SOS Children’s Villages for Tibetan children was initiated in 1960 by His Holiness The Dalai Lama, to care for Tibetan refugee children who had fled across the Tibetan border following the Chinese invasion of Tibet in 1959. To this day, thousands of children make the dangerous journey every year, across the mountains and often without their families.
Today, they have 11,000 Tibetan children in their care. SOS Children has built eight villages (including the largest SOS Children’s Village in the world) and seven schools to help them. The schools are open to all Tibetan children, including those whose parents have survived with them.
The Villages and schools teach the children traditional Tibetan values and culture. They also learn English, and as they live in India, they also learn all about the culture of their adopted country.
The first permanent children’s village for Tibetans opened in Mussoorie, northern India, in 1962, and today cares for 900 children. Due to the sheer numbers of vulnerable exile children in the area, Mussoorie’s second children’s village, named ‘Happy Valley’ opened nine years later. Attached to Mussoorie is a school for 1,300 pupils.
Dharamsala and Leh
Dharamsala, a large town in northern India, was the location for the charity’s next Village due to the high numbers of refugees living there. SOS Children’s Village Leh, in a town north of Dharamsala, opened in 1975 and these two children’s villages are the largest in the world. Each cares for over 2,000 vulnerable children, who receive all the educational and medical care they need to help them overcome their traumas and achieve their potential.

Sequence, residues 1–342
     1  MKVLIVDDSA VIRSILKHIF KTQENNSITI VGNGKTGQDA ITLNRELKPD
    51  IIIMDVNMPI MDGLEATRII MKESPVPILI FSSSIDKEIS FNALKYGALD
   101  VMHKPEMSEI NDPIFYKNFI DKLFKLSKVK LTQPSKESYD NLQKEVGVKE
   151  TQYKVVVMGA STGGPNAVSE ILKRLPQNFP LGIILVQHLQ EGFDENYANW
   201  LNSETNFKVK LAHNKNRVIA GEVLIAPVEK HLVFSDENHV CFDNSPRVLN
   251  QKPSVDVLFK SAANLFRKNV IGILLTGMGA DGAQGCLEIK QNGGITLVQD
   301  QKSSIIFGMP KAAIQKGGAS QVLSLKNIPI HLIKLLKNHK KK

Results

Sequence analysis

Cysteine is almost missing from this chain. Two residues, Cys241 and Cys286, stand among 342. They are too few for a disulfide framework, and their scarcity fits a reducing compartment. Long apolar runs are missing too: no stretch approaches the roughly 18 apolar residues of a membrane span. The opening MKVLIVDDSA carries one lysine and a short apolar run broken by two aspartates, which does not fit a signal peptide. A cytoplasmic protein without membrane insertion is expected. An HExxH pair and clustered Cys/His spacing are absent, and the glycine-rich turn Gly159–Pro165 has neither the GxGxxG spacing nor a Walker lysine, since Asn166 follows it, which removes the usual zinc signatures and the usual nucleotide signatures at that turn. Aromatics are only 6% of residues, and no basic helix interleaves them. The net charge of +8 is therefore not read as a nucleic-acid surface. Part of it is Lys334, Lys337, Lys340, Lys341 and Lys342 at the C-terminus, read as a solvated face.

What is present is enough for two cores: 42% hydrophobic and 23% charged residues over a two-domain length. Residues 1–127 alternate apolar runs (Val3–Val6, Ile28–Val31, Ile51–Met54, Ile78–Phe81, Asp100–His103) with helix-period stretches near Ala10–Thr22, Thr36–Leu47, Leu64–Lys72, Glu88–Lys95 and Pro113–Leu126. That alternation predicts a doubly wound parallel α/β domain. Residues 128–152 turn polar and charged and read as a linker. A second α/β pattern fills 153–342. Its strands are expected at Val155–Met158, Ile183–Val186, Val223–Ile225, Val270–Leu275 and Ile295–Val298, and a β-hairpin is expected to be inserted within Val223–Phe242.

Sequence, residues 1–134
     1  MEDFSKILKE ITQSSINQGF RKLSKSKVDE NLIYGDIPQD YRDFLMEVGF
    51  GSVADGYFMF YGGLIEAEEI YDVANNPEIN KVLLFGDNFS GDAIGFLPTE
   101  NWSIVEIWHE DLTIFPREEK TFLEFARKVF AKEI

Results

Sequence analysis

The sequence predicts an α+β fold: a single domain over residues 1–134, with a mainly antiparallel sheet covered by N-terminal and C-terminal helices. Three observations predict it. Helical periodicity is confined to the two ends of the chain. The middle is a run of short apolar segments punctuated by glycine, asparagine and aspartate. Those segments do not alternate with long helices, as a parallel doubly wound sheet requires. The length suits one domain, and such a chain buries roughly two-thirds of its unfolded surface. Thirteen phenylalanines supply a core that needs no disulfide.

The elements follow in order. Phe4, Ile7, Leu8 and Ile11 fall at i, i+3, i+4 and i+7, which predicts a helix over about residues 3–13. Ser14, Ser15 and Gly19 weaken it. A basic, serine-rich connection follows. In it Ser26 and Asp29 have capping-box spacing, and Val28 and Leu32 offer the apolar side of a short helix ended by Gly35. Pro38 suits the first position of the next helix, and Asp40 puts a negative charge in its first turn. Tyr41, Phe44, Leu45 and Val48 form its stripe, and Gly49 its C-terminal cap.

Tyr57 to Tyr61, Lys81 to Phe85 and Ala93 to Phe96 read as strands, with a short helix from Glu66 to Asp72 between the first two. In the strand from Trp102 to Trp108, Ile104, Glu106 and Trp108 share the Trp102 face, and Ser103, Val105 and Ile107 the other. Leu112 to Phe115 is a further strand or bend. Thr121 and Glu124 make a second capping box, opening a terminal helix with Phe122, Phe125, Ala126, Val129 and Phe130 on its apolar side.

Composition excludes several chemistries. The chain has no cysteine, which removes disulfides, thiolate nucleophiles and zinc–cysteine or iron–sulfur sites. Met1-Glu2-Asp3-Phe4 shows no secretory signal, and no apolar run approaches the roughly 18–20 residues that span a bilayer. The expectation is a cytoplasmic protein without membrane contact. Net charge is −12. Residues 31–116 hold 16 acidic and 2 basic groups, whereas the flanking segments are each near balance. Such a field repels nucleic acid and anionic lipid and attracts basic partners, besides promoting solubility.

SOS Children’s Village Bylakuppe, which opened in 1982, has 32 family homes, each of which has its own vegetable patch where children can learn how to tend crops and have something nutritious to eat. The SOS School here offers 1,300 pupils a high-quality education.
Bir, located not far from Dharamsala, was chosen as the location for the sixth Tibetan village in India. 700 children and youths live in the 16 family homes and youth homes, and there is an SOS Kindergarten for the little children.
Due to the continual flood of refugees across the Tibetan border, Golpapur opened in 1998. There are 33 family homes, along with a bakery, grocery store, medical centre and a daycare centre. 1,000 older children from the Village and Tibetan community attend the SOS Secondary School in the town.
Our newest Tibetan children’s village, which opened in 1999, is found in Dehradun and cares for 140 vulnerable children in 14 family homes. Alongside the Village and the SOS Primary and Secondary School is an SOS Vocational Training Centre. Here, 200 youths, many of whom have missed out on formal education, learn metalwork and/or business and commercial skills.
Source: SOS Children Villages